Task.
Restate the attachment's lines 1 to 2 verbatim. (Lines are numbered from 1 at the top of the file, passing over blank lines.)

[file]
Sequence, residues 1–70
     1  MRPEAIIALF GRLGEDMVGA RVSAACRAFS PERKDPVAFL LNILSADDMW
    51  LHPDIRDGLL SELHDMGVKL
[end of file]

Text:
Sequence, residues 1–70
     1  MRPEAIIALF GRLGEDMVGA RVSAACRAFS PERKDPVAFL LNILSADDMW